Why does this matter? The absence of a lot of these data points can alert us to a fraudulent attempt, as can obvious discrepancies. Cybercriminals are known to take the time to create new email addresses for the fake and synthetic identities they will assume. They will also employ various tools to hide their real-world geolocation, IP and device. However, it is counterintuitive for them to create dozens of social media accounts for each attempt—most of which will, statistically, fail.
For new customers signing up to an InsurTech app account, all these data points come together to enrich data and trigger specific security checks. This is by no means a black or white situation. What these checks will do will depend on the assigned risk rating, as well as on an individual company's risk appetite. It also helps comply with any anti-money laundering (AML) and customer due diligence (CDD) requirements set by law or standards bodies.
It is, for instance, generally considered best practice to introduce a hard know-your-customer (KYC) check for users considered medium to medium-high risk, asking them to prove their identity via video chat or by uploading certain documents. Those who receive a very high-risk score can be automatically blacklisted if the company chooses to do so.
Data Enrichment and Underwriting
When implemented correctly and informed by historical data and industry trends, data enrichment can be a good starting point to weed out fraudsters. However, some might still slip through the cracks to create an account and proceed to apply for a scheme, looking to go through the motions that will allow them to defraud you for as much money as possible.
This is where underwriting comes in, including automated checks by the system and the in-depth investigative work of underwriters. Data enrichment can be of great help at this stage by collating and presenting to underwriters the full picture of applicants' and claimants' public online presence, including social media and other profiles, with the information and posts on these accounts providing invaluable insight during investigations into who they are and their general conduct, patterns and habits.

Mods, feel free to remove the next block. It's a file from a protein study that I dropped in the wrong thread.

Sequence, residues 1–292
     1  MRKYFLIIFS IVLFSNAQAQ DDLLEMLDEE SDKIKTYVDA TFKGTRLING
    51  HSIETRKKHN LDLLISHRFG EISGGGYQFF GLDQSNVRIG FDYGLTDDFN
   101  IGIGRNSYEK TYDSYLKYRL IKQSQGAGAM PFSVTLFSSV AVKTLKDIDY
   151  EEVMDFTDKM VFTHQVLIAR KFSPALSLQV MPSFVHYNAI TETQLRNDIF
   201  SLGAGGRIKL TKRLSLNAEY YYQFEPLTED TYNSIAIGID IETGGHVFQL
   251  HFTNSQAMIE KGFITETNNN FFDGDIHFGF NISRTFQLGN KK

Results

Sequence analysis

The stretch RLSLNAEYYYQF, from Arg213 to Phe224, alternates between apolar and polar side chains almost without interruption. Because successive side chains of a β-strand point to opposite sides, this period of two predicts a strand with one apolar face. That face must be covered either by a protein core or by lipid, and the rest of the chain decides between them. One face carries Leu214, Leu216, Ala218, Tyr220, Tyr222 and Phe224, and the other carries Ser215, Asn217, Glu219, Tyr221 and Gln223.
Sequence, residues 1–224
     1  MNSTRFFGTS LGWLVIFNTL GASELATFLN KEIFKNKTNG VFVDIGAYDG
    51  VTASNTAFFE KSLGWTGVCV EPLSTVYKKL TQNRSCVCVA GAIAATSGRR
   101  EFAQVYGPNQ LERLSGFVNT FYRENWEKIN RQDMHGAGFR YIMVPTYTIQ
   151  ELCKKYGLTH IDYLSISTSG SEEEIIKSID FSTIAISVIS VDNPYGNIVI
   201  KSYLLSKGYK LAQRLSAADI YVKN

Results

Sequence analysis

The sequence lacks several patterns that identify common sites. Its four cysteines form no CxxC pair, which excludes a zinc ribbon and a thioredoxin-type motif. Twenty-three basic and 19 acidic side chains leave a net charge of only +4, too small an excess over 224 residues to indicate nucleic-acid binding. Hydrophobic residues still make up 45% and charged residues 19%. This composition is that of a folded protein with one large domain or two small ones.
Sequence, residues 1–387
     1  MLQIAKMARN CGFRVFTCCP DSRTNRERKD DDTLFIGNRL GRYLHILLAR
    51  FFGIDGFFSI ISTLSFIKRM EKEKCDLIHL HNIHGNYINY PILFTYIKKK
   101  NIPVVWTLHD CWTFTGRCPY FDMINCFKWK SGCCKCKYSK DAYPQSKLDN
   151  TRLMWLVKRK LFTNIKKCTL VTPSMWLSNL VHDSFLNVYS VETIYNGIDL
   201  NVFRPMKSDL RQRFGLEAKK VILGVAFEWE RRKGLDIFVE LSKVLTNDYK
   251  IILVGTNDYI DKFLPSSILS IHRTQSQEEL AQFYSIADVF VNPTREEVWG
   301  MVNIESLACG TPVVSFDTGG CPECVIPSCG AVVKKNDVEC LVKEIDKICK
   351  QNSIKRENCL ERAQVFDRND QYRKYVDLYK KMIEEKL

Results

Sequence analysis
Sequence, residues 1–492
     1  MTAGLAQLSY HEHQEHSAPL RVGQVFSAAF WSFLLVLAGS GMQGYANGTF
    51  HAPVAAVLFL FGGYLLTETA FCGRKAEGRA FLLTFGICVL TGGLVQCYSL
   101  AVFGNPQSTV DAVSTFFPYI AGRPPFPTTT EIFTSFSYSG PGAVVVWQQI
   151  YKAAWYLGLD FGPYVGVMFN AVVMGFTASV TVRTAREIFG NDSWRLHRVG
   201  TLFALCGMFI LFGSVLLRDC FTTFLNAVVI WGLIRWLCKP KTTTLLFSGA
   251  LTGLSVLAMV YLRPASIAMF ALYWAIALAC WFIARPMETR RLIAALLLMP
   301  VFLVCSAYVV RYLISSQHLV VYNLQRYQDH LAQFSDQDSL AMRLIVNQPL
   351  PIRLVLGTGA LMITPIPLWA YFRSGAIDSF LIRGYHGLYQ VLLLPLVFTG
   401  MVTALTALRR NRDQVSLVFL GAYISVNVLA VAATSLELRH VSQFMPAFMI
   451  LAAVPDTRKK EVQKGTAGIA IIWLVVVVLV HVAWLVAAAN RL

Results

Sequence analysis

Moreover, scenarios such as claims fraud, subrogation or financial crime and money laundering attempts can be better identified using OSINT tools, helping us ensure the applicant or claimant is who they claim to be and that their requests are legitimate.
In addition to credit scores and application data, underwriters can glean additional intelligence from looking at reverse email and phone lookup results for a claimant. These can be found via manual application programming interface (API) calls or be the result of data enrichment. When the picture is not as clear, such information can be invaluable to decision-making and can even hint at a stolen identity. This functionality can be fully integrated into the process by introducing machine learning-powered risk scoring—which, especially in InsurTech, can make or break a startup by helping stop fraud early and safeguarding funds.
Into the Future
Meanwhile, industry insiders, including Deloitte in a recent report, expect underwriting by machine to play a major role moving forward. This will be empowered by artificial intelligence (AI) and relying on new source forms of data and more individualized risk selection.
Others are less certain about AI underwriting and focus more on the opportunities of a hybrid underwriting system, where AI and human underwriters work hand in hand with machines helping make sense of the vast swathes of data available and humans having the last word. In both cases, this data will be enriched to power both decisions and manual reviews.
Certainly, data enrichment in insurance is a question of “how" rather than “if." On many levels, these modules are already present and useful.
Gergo Varga has been fighting online fraud since 2009 at various companies—even co-founding his own anti-fraud startup. He's the author of the “Fraud Prevention Guide for Dummies – SEON Special Edition." Varga currently works as the senior content manager/ evangelist at SEON.